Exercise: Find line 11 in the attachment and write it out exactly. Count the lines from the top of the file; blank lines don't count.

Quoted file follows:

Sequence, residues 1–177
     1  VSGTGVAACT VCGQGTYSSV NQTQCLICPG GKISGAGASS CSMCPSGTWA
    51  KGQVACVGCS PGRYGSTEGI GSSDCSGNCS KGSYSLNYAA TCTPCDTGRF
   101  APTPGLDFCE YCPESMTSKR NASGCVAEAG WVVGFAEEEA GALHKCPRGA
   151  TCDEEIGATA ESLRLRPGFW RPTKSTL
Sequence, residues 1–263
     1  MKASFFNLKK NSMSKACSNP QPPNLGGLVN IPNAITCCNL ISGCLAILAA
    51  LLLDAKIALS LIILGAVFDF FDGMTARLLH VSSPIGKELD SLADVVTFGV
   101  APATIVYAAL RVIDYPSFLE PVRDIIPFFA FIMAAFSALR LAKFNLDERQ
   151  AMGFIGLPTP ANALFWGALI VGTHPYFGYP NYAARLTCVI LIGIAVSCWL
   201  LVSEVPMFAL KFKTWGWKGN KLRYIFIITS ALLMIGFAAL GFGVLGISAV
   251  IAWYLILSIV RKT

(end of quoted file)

   201  LVSEVPMFAL KFKTWGWKGN KLRYIFIITS ALLMIGFAAL GFGVLGISAV